order of oddfish cover

The Order of Oddfish

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Triumph of the Hornschemeier

June 29, 2011

On Monday I got back from a dizzying five days at the American Library Association conference in New Orleans. I will talk about it in a future post, but in the meantime here is a book―and a man―you must know more about.

Paul Hornschemeier is a good friend and, lucky for me, the cover artist of the paperback version of The Order of Odd-Fish. But what he’s really known for are his fantastic graphic novels such as Mother Come Home and The Three Paradoxes:

Paul’s latest, Life With Mr. Dangerous, just came out and it’s my favorite thing he’s done―and that’s saying something, because I was a fan of Paul’s even before I met him. The story is about the vaguely dissatisfied, sometimes infuriatingly passive, yet instantly likeable and utterly recognizable Amy Breis, who is floating along in boredom and isolation in her dead-end world: crappy job, unsympathetic boyfriend, awkward dates, nagging mother. The only thing that seems to consistently fire her enthusiasm is “Mr. Dangerous,” a surreal TV show.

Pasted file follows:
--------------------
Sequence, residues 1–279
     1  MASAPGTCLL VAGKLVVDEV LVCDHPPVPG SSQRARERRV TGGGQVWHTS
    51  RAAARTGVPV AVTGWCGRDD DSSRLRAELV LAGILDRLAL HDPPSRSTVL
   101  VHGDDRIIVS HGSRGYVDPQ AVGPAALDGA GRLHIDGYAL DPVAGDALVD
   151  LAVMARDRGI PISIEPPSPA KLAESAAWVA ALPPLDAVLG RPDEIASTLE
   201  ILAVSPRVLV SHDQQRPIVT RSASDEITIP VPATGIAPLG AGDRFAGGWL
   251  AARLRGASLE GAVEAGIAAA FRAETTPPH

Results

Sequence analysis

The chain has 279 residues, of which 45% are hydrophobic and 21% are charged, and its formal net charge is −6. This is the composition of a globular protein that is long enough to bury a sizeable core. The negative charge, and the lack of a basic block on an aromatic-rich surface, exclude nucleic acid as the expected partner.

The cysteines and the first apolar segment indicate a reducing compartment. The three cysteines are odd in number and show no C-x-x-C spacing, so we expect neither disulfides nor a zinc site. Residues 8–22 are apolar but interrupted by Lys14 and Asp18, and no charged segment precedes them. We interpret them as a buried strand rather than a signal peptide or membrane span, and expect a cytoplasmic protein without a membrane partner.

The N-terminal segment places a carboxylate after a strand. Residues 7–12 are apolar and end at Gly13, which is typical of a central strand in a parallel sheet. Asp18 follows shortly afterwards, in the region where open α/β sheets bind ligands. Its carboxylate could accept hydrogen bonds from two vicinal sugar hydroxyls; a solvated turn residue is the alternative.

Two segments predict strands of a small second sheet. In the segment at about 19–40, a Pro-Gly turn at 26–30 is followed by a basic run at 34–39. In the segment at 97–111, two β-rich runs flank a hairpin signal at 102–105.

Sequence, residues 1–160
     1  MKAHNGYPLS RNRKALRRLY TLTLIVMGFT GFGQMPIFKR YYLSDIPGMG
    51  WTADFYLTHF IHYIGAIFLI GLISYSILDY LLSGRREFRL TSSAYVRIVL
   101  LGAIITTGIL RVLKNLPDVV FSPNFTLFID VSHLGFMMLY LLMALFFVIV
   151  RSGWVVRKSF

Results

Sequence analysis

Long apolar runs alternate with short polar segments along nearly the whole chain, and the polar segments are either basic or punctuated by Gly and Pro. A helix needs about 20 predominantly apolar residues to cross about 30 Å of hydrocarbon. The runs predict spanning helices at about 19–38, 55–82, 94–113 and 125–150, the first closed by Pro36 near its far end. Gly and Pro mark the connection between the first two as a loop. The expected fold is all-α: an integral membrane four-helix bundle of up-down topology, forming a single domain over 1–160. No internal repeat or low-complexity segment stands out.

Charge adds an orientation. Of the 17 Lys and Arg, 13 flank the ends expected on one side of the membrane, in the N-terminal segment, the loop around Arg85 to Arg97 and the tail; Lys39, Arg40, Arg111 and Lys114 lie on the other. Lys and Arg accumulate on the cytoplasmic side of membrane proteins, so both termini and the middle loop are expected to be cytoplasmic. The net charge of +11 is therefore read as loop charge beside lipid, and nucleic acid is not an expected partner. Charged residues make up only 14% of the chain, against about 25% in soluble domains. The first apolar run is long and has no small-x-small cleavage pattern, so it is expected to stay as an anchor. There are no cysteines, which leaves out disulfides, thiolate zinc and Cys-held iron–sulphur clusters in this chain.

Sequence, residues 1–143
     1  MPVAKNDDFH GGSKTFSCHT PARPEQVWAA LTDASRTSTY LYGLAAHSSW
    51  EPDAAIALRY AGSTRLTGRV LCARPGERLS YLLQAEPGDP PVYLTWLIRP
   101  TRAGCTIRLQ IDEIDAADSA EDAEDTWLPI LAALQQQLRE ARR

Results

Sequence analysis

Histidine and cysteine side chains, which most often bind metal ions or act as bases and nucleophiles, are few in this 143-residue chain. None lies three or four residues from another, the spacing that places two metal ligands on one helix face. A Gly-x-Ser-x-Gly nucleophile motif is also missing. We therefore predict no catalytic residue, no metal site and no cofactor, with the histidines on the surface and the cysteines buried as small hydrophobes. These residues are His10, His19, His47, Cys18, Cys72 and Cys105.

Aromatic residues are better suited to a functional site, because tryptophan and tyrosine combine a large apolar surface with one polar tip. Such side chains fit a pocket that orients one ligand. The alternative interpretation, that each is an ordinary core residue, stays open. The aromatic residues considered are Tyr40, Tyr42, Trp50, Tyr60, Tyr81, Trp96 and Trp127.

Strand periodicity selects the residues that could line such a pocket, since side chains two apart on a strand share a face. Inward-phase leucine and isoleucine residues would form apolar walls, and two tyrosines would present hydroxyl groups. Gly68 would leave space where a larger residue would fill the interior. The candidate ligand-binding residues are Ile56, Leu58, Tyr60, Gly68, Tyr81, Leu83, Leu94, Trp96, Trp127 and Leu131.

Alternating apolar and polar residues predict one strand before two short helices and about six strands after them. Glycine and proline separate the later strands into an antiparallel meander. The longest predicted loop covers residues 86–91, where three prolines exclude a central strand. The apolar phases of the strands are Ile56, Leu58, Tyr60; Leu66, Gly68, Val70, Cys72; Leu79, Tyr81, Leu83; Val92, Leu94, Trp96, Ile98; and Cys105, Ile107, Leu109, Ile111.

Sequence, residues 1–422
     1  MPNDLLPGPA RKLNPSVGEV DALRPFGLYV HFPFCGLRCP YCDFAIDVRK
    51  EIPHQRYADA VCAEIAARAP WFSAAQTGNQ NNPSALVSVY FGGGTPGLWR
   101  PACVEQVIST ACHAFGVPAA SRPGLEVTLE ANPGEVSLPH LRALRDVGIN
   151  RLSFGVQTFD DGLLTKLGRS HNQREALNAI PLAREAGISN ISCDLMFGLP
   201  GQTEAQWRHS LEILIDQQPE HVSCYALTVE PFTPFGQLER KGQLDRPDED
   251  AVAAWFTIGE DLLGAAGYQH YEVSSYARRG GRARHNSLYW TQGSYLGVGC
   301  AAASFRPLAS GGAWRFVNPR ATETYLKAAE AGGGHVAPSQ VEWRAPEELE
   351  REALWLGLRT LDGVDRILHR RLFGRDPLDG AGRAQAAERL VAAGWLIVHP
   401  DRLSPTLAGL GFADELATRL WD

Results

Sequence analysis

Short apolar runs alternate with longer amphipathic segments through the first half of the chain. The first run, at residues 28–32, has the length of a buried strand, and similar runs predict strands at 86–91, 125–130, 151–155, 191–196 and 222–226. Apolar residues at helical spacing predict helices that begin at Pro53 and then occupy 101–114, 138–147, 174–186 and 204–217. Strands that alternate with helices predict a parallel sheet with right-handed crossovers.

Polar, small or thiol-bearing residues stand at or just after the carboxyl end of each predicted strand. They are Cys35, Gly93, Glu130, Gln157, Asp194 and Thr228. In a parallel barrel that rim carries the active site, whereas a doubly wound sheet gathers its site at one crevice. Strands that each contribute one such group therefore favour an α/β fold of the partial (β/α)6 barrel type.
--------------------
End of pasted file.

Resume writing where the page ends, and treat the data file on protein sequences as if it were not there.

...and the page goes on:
A feisty, resourceful heroine Amy is not. But the appeal of the book comes from how Paul catches the awkward gaps in conversation, the hidden indignities of everyday life, how people miss each others’ meaning, get on each others’ nerves, and jockey for status in a million small ways. There’s something relentless about its appetite for diagnosing the mild paralysis and deadening melancholy of the everyday. The ennui is broken up by little escapades from the world of Mr. Dangerous, or catalogues of Amy’s romantic past, or surreal interludes (my favorite was the one of Amy eating ice cream, and in turn being devoured by it).

Near the end, when Amy begins to wake up from her stasis and take action in her life again, even though the actions are small―they’re realistic and bold in her own way, and it feels like an earned victory. The art, as always with Paul, is dead-pan, dead-on, sometimes depressingly realistic, yet somehow adventurous and bold and emotionally generous. I loved Life With Mr. Dangerous.

But don’t take my word for it: Life With Mr. Dangerous has already been selected by Amazon.com as one of their Best Books of the Year So Far, and has even made it onto the The New York Times Bestseller list. The kid is going places!

Paul will be at the Book Cellar (4736 N. Lincoln Ave in Chicago) tonight, Thursday June 30, from 7:30-9:00 pm, for an author discussion and signing of the book. I will be there. So should you!